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Another newbie needs help

Old 07-04-05, 11:01 AM
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Apache_Mechanic
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Another newbie needs help

I've searched the threads trying to answer my own question but I'm not completly satisfied.
I'm new to mt. biking and I'm trying to get a bike that will serve my goals of doing XC races, more specifically the 24 Adrenalin tour.
A few problems I'm having:
I don't know wether to go full suspension or rigid (I'm only 19 so bones/joints aren't a problem)
Linear pull breaks or disc. I know the pros and cons of both, I just don't know which would serve my purpose better.
The frame; I like that aluminum is lighter but I honestly don't know anything about alloy and a lot of the bikes I've looked at so far are alloy.
Also, if anyone can point me in the right direction of a good XC bike as sort of a guide, it would be much apprectiated. I'm willing to spend about $1,500 I guess. More if I need to of course. Can't skimp on the eqipment.
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Old 07-04-05, 07:30 PM
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For adventure racing I would go with disc brakes. You will get, with rim brakes, a lot of dirt on the rims which will cause your pads and rims to wear quicker and less stoping power when they do get dirty. Alluminum frames are fine, most bikes these days are allu. and any decent xc bike will not weight to much. As for an idea on what bike/frame for 1500? That depends, 1500 USD or 1500 EUD?

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Old 07-05-05, 12:50 AM
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Like I said, I'm flexible with the price. I know a good competition bike is going to be pricey and I know you get what you pay for so I'm willing to pay what it takes.
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Old 07-05-05, 11:39 AM
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You would probably benefit from a full-suspension. Rigid would be somewhat faster because it would have no travel, but an FS would absorb all bumps and most XC bikes only have 80-100mm of travel in the fork anyway. I would say get the Kona Dawg-matic
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Old 07-05-05, 11:56 AM
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naw, not the dawg matic, the kikapu deluxe.

https://www.konaworld.com/shopping_ca...5&parentid=182
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Old 07-06-05, 10:19 PM
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Well if you plan to do a 24 hour race, i would go with a full suspension, because it would take the edge off of it. I've heard that the Giant NRS is nice.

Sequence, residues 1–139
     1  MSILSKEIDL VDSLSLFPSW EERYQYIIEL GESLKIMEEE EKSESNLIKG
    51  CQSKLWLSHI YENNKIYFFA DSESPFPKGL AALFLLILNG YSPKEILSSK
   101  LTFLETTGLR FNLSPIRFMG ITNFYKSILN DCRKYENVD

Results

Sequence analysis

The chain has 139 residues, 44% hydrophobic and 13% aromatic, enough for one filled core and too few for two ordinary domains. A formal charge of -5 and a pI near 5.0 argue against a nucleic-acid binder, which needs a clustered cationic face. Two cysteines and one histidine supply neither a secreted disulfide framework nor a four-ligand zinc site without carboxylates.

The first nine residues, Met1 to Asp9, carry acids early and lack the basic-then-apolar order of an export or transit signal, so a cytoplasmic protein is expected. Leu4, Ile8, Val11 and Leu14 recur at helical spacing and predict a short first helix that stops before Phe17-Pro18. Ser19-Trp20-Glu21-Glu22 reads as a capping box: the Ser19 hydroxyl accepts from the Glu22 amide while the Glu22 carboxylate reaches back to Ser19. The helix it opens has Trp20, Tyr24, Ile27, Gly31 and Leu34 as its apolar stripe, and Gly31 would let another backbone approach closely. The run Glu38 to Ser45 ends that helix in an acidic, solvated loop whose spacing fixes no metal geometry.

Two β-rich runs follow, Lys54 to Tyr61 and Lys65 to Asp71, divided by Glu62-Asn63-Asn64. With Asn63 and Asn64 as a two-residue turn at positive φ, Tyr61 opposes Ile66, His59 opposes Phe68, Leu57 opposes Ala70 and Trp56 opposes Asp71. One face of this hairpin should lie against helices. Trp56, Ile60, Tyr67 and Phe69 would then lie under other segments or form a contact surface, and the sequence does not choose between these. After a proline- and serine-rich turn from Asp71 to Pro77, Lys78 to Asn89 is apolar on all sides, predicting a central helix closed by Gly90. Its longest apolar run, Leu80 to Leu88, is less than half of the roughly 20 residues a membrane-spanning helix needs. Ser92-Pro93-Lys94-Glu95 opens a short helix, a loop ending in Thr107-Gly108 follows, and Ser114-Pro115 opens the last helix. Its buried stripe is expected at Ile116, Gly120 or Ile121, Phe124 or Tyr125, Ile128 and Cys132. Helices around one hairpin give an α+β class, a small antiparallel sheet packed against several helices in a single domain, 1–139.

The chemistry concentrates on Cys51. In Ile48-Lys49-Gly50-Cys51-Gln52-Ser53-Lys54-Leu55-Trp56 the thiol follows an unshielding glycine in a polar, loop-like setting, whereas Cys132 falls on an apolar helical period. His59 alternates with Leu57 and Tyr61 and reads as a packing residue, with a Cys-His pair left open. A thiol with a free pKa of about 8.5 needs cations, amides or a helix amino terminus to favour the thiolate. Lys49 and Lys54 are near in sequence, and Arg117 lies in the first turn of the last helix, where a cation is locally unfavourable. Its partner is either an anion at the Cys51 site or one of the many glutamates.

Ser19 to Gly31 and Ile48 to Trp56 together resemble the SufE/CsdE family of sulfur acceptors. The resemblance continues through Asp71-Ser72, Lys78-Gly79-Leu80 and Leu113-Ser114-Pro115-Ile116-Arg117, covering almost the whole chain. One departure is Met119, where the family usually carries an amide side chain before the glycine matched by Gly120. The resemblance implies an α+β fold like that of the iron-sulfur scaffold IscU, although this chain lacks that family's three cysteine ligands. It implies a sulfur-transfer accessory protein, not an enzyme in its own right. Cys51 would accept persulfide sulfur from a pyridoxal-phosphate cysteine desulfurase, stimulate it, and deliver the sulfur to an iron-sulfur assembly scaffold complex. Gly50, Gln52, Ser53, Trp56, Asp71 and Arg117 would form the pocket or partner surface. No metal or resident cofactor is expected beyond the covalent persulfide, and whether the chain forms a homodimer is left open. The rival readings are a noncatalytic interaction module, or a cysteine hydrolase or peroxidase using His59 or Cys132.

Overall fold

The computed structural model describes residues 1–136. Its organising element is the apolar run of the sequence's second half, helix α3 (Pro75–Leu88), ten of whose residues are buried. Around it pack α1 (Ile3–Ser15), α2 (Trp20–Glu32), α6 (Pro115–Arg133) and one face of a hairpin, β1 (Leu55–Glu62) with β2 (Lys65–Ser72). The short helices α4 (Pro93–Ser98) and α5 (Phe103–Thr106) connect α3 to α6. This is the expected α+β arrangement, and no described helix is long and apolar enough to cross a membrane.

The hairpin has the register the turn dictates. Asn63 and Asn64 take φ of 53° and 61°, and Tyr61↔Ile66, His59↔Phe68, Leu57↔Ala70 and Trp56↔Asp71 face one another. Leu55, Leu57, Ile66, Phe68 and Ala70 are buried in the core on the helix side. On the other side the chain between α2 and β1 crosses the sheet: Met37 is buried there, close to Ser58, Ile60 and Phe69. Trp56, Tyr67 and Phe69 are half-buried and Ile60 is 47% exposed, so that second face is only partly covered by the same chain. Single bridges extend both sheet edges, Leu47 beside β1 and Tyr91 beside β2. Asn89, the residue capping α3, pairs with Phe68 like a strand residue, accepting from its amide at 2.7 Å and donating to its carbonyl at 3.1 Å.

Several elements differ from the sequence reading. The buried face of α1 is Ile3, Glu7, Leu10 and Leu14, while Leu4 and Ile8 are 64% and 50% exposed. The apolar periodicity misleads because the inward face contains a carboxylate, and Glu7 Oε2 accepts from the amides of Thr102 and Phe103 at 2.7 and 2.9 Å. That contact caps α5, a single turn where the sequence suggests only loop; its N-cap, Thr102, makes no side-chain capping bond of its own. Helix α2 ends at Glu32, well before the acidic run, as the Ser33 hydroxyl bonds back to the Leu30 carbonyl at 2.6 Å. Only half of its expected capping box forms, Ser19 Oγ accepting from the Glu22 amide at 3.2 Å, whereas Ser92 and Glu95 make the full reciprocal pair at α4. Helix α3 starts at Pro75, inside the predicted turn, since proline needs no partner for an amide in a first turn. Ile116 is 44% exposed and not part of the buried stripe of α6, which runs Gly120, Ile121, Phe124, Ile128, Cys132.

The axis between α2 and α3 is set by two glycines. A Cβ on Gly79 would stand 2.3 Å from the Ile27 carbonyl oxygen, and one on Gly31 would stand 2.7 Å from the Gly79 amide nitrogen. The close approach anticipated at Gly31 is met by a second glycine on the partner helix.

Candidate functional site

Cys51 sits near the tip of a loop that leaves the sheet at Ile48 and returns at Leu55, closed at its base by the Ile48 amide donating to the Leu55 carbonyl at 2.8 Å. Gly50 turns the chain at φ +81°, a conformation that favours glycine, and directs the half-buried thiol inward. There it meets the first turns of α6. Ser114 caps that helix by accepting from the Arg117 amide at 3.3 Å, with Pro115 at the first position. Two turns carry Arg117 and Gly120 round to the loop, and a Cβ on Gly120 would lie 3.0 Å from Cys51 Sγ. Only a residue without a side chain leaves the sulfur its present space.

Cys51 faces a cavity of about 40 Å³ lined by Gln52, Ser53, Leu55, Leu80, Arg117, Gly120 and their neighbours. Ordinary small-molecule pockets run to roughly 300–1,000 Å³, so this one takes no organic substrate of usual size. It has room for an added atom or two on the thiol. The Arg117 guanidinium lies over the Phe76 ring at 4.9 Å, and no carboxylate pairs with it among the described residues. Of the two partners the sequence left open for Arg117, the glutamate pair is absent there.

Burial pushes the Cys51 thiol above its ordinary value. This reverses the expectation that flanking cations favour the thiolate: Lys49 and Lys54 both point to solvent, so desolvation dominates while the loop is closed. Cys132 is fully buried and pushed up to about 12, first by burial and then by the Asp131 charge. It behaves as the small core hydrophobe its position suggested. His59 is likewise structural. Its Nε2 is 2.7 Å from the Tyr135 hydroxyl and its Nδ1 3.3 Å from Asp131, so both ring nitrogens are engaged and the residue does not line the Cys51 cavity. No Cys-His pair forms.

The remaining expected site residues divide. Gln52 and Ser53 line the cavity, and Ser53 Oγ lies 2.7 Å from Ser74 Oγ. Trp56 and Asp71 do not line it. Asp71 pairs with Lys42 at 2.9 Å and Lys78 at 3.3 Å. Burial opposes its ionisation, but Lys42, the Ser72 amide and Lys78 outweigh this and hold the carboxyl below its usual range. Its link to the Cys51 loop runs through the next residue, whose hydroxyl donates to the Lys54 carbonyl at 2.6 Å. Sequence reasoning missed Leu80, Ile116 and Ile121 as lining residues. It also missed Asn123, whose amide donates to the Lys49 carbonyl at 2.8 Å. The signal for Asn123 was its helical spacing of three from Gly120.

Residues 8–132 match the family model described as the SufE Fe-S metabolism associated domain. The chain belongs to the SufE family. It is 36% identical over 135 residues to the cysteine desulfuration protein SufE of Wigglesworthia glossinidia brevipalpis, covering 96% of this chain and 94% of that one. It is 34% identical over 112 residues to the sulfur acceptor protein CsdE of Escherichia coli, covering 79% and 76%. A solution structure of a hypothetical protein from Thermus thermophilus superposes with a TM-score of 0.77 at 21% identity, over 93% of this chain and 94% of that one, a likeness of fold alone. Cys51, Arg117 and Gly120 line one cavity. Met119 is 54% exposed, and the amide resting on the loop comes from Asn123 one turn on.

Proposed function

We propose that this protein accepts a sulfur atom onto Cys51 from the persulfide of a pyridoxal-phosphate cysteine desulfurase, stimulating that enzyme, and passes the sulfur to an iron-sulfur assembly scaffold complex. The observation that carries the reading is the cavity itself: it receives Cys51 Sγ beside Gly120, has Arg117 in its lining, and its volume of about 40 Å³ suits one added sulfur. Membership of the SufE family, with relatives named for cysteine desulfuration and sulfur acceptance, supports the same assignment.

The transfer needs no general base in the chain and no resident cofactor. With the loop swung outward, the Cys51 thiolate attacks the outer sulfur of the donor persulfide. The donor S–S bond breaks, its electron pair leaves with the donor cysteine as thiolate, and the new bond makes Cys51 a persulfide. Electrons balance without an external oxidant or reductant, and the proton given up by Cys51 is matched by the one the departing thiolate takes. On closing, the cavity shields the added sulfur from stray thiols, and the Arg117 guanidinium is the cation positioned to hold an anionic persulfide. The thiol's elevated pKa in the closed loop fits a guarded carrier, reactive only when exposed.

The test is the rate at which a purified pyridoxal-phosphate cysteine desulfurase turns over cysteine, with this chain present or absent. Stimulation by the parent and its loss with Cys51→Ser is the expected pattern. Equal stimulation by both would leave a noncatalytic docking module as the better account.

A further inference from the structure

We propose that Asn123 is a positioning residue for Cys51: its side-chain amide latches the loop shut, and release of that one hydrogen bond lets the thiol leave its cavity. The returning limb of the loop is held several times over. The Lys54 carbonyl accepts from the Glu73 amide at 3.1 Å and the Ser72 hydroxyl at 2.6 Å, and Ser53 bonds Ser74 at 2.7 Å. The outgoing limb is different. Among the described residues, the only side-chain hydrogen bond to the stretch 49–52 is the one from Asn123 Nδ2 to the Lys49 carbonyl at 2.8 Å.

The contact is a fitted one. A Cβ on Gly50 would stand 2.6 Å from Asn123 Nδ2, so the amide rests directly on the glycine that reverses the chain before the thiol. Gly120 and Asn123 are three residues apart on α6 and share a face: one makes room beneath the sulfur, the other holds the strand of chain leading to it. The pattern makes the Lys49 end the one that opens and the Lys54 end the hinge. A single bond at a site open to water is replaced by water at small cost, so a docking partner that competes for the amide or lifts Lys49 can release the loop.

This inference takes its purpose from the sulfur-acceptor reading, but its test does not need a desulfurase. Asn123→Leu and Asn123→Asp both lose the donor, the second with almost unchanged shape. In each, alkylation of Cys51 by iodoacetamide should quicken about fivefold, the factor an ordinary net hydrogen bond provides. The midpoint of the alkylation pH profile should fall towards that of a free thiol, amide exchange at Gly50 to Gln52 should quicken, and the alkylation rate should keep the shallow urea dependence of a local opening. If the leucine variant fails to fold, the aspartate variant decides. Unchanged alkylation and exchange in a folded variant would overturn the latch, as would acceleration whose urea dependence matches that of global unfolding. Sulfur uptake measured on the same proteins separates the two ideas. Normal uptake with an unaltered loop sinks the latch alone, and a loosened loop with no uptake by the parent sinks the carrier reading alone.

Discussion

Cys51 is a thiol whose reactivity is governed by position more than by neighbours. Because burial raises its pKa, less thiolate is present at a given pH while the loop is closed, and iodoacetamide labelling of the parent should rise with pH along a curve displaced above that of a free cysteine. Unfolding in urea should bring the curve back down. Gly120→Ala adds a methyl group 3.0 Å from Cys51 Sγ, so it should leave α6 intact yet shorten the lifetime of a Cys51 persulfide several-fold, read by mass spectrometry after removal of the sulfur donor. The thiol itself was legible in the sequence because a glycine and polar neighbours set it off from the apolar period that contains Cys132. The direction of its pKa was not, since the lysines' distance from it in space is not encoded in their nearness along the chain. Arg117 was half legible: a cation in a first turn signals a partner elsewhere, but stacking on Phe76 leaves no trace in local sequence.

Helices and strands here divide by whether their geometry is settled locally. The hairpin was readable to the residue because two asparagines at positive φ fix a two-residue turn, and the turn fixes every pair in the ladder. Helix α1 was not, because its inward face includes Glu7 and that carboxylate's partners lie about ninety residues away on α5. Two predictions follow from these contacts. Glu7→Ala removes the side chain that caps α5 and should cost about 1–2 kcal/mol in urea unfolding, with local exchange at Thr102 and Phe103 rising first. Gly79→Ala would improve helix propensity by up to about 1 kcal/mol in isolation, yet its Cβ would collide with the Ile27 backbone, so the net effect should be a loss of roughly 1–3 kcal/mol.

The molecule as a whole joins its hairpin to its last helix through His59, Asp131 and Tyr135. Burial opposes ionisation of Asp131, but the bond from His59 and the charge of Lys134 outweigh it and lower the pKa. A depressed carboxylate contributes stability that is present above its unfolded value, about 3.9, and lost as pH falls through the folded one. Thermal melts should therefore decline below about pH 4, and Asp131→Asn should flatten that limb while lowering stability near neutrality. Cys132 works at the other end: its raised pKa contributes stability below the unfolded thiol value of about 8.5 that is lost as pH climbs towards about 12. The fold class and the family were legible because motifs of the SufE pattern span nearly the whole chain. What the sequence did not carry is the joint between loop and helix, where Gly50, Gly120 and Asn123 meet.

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Old 07-07-05, 10:06 AM
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The NRS is a very good entry level race bike. The Kona Kikapu will be lighter. Best thing, if you can do it, find a lbs and tell them what you want. If it is a good shop they will set you up on a few xc racers so you can test 'em. Get the best fs racer you can afford. Although you do not need XTR, XT works perfectly well and does not cost as much. You could also go with a bike that has SRAM X.9 or X.7 components (SRAM is my preference).

Bikes like the Dawg are good but are not race bikes. They will be heavier with a more upwright position. For Adventure or 24hr races lighter is better. You may not notice the weight diff between a 30lb and a 27lb bike at first but near the end of the race your legs will deffinitly let you know

Since funds are not much of a concern here are some recomendation in the order I would look at;

Bianchi CaŠl 8800 Alu - only sold as a frame then you would have to spec it your self
Trek Fuel Line - For the long races I would stay away from the carbon frames
SantaCruz Blur XC - Very nice racer
Kona King Kikapu Delux - Good racer, light, easy to carry
Giant NSR - easy on the wallet good all around racer
SantaCruz Super light - old suspension desing but a very nice and light bike

A lot of riders dont even know Bianchi makes a good xc bike since Bianchi is mostly known for their road bikes.

Slainte
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Old 07-07-05, 11:21 AM
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The NRS is actually pretty light if you go with the NRS 1. It is one of the best race suspension designs out there when set up right. Once you set the shock to zero sag it is an amazing climber and descends, for lack of a better term, like a scalded dog.

The Kikapu Deluxe is a good bike but it is a little heavy for xc racing. I was actually talking with the Kona rep about it a couple of weeks ago. He made a good point though, said most of the weight was in the wheelset. If you get the Kikapu Deluxe plan on upgrading the wheels to a lighter set before doing any endurance racing. Other than that it is an awesome bike.

The Superlight is just plain sweet and simple. I raced one for 2 1/2 seasons and it never let me down. Once set up right it is pretty much worry free. Only one pivot so less chances of problems. The only downside is flex. The bottom bracket flexes like crazy. It also has a little brake jack. Nothing that is going to take it off of my top five bikes of all time list though.